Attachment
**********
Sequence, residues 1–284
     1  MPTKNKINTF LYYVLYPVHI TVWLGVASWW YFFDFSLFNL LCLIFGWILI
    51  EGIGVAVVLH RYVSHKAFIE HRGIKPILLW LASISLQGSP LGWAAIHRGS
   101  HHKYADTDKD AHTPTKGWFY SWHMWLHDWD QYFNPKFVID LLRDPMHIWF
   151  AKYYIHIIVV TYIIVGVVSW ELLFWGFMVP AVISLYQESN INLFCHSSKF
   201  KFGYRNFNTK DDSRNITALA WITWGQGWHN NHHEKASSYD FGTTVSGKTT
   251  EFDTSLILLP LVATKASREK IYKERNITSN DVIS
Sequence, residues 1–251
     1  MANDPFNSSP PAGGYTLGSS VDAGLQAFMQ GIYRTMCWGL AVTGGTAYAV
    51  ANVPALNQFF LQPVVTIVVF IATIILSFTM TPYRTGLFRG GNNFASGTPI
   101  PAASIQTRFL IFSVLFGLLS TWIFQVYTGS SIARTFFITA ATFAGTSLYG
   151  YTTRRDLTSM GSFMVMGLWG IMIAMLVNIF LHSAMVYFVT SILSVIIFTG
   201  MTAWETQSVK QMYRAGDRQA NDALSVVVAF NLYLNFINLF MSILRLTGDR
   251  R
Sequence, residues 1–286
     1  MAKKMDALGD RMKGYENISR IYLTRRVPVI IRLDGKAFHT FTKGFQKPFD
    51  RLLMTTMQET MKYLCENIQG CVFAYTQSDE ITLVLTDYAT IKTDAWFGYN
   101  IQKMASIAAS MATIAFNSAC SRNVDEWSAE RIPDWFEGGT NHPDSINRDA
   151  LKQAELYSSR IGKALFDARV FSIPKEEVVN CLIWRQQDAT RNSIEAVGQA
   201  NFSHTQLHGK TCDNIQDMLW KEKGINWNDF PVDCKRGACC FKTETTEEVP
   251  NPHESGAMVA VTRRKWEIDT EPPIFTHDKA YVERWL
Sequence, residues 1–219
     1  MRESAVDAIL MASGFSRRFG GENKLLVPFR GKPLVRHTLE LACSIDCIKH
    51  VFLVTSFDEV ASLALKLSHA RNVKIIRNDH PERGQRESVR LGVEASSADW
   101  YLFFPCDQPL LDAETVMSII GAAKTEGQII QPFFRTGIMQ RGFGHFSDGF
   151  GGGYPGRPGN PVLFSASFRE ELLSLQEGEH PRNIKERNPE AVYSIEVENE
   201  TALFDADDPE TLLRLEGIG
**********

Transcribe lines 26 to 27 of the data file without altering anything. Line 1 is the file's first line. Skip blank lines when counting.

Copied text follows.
   151  GGGYPGRPGN PVLFSASFRE ELLSLQEGEH PRNIKERNPE AVYSIEVENE
   201  TALFDADDPE TLLRLEGIG